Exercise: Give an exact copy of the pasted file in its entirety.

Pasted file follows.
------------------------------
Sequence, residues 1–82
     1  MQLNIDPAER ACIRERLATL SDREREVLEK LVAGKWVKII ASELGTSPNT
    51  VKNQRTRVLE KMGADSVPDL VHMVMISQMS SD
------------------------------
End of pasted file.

Sequence, residues 1–82
     1  MQLNIDPAER ACIRERLATL SDREREVLEK LVAGKWVKII ASELGTSPNT
    51  VKNQRTRVLE KMGADSVPDL VHMVMISQMS SD